Many organized shooting sports require ammunition to achieve a minimum power level to qualify and be scored in a specific division. This is known as power factor.
Power factor is calculated by the formula: bullet weight times velocity divided by 1000. Power factor requirements are determined by which division one competes in, and might be caliber specific.
A common distinction is between "Minor" and "Major" power factor, and it determines the score value of peripheral hits. For example, in some divisions of USPSA competition, in order for pistol ammunition to qualify for Major, it must be at least .40 caliber and achieve a 165 power factor. Minor power factor ammunition must achieve a value of at least 125.
Many of these sports are timed events, and a light recoiling load can allow faster follow-up shots, giving the shooter a speed advantage. As we know, every fraction of a second can determine who wins the match.
This begs the question from many shooters: When reloading for competition, which bullet weight gives you the edge?
The following test will determine the optimal bullet weight(s) with the lowest possible recoil while still achieving a desired power factor.
Power factor requirements theoretically put all ammunition on even ground with respect to recoil. If you calculate the recoil force, you'll find that all bullet weights produce the same recoil when loaded to the same power factor. For example, using common bullet weights in the .45 ACP with the goal of a 165 power factor: a 230-grain bullet at 718 feet-per-second (fps) has the same recoil as a 200-grain bullet at 825 fps or a 185-grain bullet at 892 fps (Table 1). Hence, there is no obvious advantage of one bullet weight over another.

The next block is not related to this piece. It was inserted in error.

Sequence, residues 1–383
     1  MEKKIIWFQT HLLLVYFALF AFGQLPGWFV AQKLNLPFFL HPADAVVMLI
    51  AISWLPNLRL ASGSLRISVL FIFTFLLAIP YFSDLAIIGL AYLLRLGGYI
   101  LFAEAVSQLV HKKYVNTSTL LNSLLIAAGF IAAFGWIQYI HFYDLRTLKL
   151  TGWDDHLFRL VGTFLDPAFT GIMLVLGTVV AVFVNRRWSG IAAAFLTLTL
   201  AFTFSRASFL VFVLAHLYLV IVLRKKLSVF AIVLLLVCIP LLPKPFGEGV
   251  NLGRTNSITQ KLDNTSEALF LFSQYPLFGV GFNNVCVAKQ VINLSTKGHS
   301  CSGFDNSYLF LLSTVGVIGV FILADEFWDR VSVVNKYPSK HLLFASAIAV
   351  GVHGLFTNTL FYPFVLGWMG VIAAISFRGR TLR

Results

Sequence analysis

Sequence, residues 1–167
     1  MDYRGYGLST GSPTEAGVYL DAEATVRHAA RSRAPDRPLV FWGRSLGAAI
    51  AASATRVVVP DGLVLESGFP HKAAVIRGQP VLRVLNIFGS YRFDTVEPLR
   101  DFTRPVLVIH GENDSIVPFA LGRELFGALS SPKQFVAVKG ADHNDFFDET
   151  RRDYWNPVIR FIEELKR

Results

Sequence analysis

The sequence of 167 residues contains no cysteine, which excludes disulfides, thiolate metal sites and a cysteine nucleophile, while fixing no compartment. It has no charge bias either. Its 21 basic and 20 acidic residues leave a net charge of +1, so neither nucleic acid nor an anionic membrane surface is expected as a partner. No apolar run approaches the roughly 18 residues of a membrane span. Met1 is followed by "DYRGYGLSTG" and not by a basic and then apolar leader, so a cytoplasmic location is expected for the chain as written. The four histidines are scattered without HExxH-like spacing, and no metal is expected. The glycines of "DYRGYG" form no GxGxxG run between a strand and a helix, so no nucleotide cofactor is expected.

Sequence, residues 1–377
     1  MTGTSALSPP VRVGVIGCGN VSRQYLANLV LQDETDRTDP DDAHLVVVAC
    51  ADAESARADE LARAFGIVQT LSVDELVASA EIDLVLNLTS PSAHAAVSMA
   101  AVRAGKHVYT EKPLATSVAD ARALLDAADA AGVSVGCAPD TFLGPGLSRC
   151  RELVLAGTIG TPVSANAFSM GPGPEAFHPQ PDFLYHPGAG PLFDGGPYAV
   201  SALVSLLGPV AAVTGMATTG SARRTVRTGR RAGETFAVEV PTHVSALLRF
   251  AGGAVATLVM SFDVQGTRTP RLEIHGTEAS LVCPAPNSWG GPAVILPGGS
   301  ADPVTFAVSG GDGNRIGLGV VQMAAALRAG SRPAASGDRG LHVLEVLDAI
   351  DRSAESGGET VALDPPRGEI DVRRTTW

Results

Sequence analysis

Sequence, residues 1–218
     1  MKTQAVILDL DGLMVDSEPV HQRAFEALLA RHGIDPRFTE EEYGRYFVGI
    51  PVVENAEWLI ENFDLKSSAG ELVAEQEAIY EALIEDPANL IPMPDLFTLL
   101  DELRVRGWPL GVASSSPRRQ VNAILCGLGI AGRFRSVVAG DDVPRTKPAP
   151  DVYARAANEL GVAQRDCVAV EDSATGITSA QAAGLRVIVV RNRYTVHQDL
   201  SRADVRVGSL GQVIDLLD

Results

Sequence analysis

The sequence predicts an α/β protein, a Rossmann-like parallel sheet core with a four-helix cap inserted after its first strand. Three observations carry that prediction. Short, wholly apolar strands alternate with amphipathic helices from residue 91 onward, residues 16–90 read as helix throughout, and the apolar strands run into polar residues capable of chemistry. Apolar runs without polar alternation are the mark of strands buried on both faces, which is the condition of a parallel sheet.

However, this assumes that the gunpowder charge weight is the same for all the different bullet weights. You see, it matters how much gunpowder is required to achieve the necessary velocity, because gunpowder weight affects recoil force.
Recoil for different bullet weights in the .45 ACP was tested using Winchester 231 gunpowder. The following copper-plated bullets were tested: Berry's 230-grain RN, Rainier 200-grain RN and Berry's 185-grain HBRN (Figure 1). All were loaded to the same 1.240-inch cartridge overall length (COL).
To test which bullet weight gives you the edge, three or four different charge weights were prepared with each bullet weight. Ten rounds were fired with each load. Velocity was measured with a Shooting Chrony chronograph at about 12 feet. The test gun was a Para Ordnance P14-45 and was fired while held in a Ransom Rest (Figure 2).